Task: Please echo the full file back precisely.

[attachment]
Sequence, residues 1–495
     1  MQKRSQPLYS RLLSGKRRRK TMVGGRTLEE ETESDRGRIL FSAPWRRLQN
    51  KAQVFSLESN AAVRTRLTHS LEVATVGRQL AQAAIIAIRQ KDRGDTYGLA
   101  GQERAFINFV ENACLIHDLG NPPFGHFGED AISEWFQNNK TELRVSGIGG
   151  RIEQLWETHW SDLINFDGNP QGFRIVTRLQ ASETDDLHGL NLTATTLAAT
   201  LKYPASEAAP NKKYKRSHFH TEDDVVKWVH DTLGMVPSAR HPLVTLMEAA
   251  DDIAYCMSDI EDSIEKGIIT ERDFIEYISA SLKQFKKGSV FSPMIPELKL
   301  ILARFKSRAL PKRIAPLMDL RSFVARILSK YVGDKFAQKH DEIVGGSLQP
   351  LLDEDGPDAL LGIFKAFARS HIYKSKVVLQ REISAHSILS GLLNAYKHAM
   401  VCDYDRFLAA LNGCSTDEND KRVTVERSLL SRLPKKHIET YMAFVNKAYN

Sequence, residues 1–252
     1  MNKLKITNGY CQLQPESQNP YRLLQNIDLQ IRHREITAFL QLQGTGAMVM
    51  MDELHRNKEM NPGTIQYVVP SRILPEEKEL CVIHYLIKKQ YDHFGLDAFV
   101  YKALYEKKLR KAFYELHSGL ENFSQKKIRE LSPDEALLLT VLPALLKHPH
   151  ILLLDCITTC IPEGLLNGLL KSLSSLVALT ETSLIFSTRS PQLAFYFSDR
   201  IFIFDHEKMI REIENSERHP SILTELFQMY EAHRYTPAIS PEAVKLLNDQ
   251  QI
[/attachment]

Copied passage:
Sequence, residues 1–495
     1  MQKRSQPLYS RLLSGKRRRK TMVGGRTLEE ETESDRGRIL FSAPWRRLQN
    51  KAQVFSLESN AAVRTRLTHS LEVATVGRQL AQAAIIAIRQ KDRGDTYGLA
   101  GQERAFINFV ENACLIHDLG NPPFGHFGED AISEWFQNNK TELRVSGIGG
   151  RIEQLWETHW SDLINFDGNP QGFRIVTRLQ ASETDDLHGL NLTATTLAAT
   201  LKYPASEAAP NKKYKRSHFH TEDDVVKWVH DTLGMVPSAR HPLVTLMEAA
   251  DDIAYCMSDI EDSIEKGIIT ERDFIEYISA SLKQFKKGSV FSPMIPELKL
   301  ILARFKSRAL PKRIAPLMDL RSFVARILSK YVGDKFAQKH DEIVGGSLQP
   351  LLDEDGPDAL LGIFKAFARS HIYKSKVVLQ REISAHSILS GLLNAYKHAM
   401  VCDYDRFLAA LNGCSTDEND KRVTVERSLL SRLPKKHIET YMAFVNKAYN

Sequence, residues 1–252
     1  MNKLKITNGY CQLQPESQNP YRLLQNIDLQ IRHREITAFL QLQGTGAMVM
    51  MDELHRNKEM NPGTIQYVVP SRILPEEKEL CVIHYLIKKQ YDHFGLDAFV
   101  YKALYEKKLR KAFYELHSGL ENFSQKKIRE LSPDEALLLT VLPALLKHPH
   151  ILLLDCITTC IPEGLLNGLL KSLSSLVALT ETSLIFSTRS PQLAFYFSDR
   201  IFIFDHEKMI REIENSERHP SILTELFQMY EAHRYTPAIS PEAVKLLNDQ
   251  QI